WARNING: I just read through this post before putting it up, and though it starts out calm and reasonable, I get increasingly over-excited as it goes on. So brace yourself.
My good friend, Rachel (http://cityscapesandgardengates.blogspot.com/) and I have known each other for 7 years now. And for nearly that long, we've been plotting to go to Geneva NY to visit the grape and apple germplasm center there. I would post a link to the page all about them, but it is a USDA funded project, and so defunded with the current government shutdown. But here is what you need to know: It is housed at Cornell's Agricultural experiment station, and their mission is to collect and preserve as much genetic diversity of apples and grapes as possible. In other words, visiting there is going to see an giant collection of all the possible awesome that apples can do. Aside from being so cool you can hardly stand it, it and the rest of the USDA germplasm system is incredibly important, preserving genetic diversity and making it available to breeders and researchers to create new varieties with better disease resistance or winter hardiness or just generally more awesomeness.
But the BEST thing about the germplasm center there? KAZAKHSTAN!
Um yeah. Let me explain. Apples come from Kazakhstan. Modern cultivated apples are descended from wild apples in Kazakhstan, possibly with a little hybridization with other species thrown in. Okay, so yeah, that is where the wild ancestors of apples live. What's the big deal? Apple FORESTS. Seriously, whole forests of wild apples. http://exhibits.mannlib.cornell.edu/apples/expeditions.htm
To be honest, I don't know logically why that excites me so much, but that concept just blows my mind and makes me very happy. Someday I'll get to Kazakhstan and dance euphorically through the apple forests, but in the mean time: Other people have gone there and collected seed, and planted HUNDREDS of them. In Geneva, NY.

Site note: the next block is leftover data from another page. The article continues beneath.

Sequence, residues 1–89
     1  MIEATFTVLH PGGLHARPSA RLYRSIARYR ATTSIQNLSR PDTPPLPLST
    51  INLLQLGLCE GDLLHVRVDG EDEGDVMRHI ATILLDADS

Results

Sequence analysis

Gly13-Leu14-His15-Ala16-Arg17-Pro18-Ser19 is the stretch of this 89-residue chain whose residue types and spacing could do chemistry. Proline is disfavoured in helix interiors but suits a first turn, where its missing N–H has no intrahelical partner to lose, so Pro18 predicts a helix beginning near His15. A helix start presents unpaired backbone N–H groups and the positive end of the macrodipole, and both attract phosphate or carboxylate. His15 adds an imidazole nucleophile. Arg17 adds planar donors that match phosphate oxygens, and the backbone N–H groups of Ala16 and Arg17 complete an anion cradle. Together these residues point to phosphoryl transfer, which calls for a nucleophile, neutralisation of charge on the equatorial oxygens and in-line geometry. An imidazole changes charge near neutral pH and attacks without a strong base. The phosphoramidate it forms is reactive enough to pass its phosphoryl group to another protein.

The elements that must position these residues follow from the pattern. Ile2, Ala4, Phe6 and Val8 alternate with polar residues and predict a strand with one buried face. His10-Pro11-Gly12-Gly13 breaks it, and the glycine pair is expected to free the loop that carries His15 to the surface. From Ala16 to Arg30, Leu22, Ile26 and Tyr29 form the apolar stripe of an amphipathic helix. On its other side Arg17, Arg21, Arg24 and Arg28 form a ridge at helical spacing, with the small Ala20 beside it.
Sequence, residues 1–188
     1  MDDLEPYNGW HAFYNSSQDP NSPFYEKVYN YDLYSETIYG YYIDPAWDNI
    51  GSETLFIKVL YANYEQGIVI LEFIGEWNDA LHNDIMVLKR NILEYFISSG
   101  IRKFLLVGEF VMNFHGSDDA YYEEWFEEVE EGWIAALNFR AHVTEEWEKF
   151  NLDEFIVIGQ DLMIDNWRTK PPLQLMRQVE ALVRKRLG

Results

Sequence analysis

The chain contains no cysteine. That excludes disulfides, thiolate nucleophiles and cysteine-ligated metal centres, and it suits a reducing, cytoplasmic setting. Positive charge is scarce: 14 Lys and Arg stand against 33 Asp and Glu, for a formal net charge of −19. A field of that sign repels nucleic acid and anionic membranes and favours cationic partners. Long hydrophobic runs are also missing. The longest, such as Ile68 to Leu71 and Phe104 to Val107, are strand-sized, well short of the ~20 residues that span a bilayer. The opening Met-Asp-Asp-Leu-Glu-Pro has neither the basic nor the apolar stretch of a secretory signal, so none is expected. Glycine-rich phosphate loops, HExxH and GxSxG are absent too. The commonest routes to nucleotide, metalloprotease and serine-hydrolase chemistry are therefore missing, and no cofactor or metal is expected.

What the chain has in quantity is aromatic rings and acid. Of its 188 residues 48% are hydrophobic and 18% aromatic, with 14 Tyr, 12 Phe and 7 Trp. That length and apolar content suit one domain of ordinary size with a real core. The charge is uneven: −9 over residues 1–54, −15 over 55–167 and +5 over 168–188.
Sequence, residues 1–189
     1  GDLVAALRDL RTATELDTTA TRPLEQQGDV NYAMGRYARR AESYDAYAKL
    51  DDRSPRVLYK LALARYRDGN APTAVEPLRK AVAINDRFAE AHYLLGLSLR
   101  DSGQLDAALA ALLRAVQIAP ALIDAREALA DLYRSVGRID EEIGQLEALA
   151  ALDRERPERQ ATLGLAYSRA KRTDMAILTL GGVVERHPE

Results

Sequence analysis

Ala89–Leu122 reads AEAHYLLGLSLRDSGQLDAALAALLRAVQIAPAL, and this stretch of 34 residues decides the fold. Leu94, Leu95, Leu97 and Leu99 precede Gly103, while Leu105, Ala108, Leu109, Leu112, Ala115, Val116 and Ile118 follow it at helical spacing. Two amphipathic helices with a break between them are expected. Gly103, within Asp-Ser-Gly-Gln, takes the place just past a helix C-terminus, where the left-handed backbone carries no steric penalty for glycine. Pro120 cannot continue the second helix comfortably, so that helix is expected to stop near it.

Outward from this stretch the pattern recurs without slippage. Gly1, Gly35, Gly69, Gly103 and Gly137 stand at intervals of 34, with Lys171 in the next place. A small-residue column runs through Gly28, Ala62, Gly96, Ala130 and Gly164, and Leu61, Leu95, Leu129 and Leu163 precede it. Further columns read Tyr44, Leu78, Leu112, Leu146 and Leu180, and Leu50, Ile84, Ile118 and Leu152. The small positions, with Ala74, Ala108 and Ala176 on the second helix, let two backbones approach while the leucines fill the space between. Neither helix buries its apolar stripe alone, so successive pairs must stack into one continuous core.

That's right folks. A little slice of a wild Kazakh apple forest growing happily in upstate New York. And I got to walk around in it. And taste the apples. And TAKE SOME HOME!
There weren't just Kazakh apples, there was a whole host of them, row upon row upon row of trees wth big fruits and little fruits and pretty ones and ugly ones and delicious ones and ones that tasted so gross you had to give it to someone else to taste too just so you could watch them be grossed out by it.
After I got them home, I spent a few hours extracting the seeds...
Of course, apples don't come true from seed, each of these seeds will produce something different from the parent tree I picked the fruit off of... which, you know, makes me crazy excited too. (I think I may be overusing the phrase "crazy excited...") The whole plant breeder thing in me... I've got a mix of seeds from all sorts of different apple trees, pollinated by who knows what gorgeous and interesting diversity of an entire germplasm collection... oh what marvels may grow from these seeds!
So, yeah... I'm going to plant all these seeds and grow my own little slice of Kazakhstan.
And if you ever get a chance to visit the germplasm center, DO IT. So much amazing. And that was just the apples! They have grapes too. (Oh. My. God. Grapes!!!)